July 4, 2010
For us here in the US, it’s the July 4th holiday weekend. Barbecues, picnics, swimming parties, and fireworks are happening all over the country. Red, white, and blue stars and stripes are visible in every direction. It’s a fun holiday – most people are in festive moods.
The point of the Independence Day holiday is to celebrate freedom. It’s about being free, living in a land that is free, feeling free and all kinds of good stuff like that. Freedoms do exist in all kinds of ways – there’s no doubt about that. Life can be good. Most of us here in America have the freedom to live our lives in ways that we choose for ourselves.
But is everyone free?
People get trapped and stuck in a variety of ways. When this happens, their life feels anything but free. Sometimes the traps are made by the people themselves. Sometimes traps are made by societal views, racial hatred, poverty, language barriers, etc. Sometimes the traps are made by mental illness. Sometimes traps are set by other people, especially in situations involving chronic trauma and abuse. Sometimes traps are made with mind control.
This weekend, while I am enjoying the chance to make decisions for myself, I am thinking about people who are not feeling as free as I am.
1. Trapped within their Compulsive Hoarding
Have you seen any of the recent flurry of television shows about compulsive hoarding? Titles such as “Hoarding: Buried Alive” (shown on the TLC channel) describe exactly how trapped people become when they suffer from compulsive hoarding. Their own home becomes their jail, and far too many compulsive hoarders are stuck in their lifestyle, with no clue how to free themselves from such heaviness.
Hoarders do not feel free. They do not have a sense of freedom in their own homes. They are often laden down with many extreme obsessions, compulsions, anxieties that may not even be rational, but still claim total ownership to their mind and lives.
The more someone hoards, the less space they have to move. Eventually, even the freedom to walk around their own home becomes nonexistent. They become complete prisoners to the items they are hoarding.
2. Trapped with Fears and Phobias
Fears and phobias can imprison a person in a very extreme way. Fears of talking to people, fears of leaving the house, fears of trying new foods, fears of eating in public, fears of riding in cars, fears of the unknown, etc. can all keep a person stuck into a very limited life-space. When people are too frightened to venture out of their status quo, they are stuck and trapped in whatever place they are in. The more fears they have, the more traps they live in. Their living space can get smaller, and smaller, and smaller.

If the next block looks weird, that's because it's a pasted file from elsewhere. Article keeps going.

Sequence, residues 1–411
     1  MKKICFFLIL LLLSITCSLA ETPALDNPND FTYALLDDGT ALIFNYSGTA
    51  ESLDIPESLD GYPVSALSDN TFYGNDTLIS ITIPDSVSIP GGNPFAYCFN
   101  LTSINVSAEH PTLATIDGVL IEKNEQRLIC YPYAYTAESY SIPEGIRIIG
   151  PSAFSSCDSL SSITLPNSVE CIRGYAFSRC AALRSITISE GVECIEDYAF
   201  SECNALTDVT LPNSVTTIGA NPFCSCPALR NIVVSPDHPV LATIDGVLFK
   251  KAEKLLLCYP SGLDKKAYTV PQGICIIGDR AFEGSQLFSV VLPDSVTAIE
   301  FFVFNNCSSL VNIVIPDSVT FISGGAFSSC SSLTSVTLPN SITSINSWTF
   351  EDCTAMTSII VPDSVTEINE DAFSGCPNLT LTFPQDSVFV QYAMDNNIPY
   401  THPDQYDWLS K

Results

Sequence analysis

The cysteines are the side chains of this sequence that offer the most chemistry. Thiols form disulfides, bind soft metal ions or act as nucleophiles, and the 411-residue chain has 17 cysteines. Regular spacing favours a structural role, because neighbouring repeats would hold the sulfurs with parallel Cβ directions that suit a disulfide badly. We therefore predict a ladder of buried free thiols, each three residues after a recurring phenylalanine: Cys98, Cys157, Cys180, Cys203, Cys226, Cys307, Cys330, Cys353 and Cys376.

3. Trapped by Obesity and Eating Disorders
People that are obese are trapped within their own bodies. The lack of freedom to move, or walk, or bend, or stretch can feel very entrapping. Eating disorders, including anorexia and bulemia, can also create a prison with the body. When the body becomes the prison, every minute of the day feels trapped. There is no freedom since the prison goes everywhere.
4. Trapped with Ongoing Abuse and Trauma
Unfortunately, there are far too many survivors of trauma and abuse that are still current victims of trauma and abuse. This includes anything from child abuse,
domestic violence, incest, and date rape, to human trafficking, prostitution, sex slavery, cult groups, etc. When people are controlled by other people through violence and pain, they are often too beaten down to see a way out. They are not allowed to see or believe that they can escape from their abuse, and they are typically not given or allowed the resources to leave. Any efforts to leave require an incredible depth of personal strength since the external controls and risks of violence are excessive.
5. Trapped with Mind Control
Mind control is the invisible jail. Dissociative survivors of chronic, severe abuse have elements of mind control that effect every essence of their lives. Survivors of organized or ritual abuse will absolutely have parts within their internal dissociative systems that were purposefully made and created in order to contain elements of mind control and programming. DID survivors with mind control issues will have parts in their systems that have been expertly trained to do tasks that are opposite from what the host personality / day parts are willing to do. Amnesia and dissociative walls (blocking off the sharing of information) can mean that a dissociative survivor can have missing time and minimal (if any) awareness that certain events happened. DID survivors may have no awareness of what is going on in their own lives.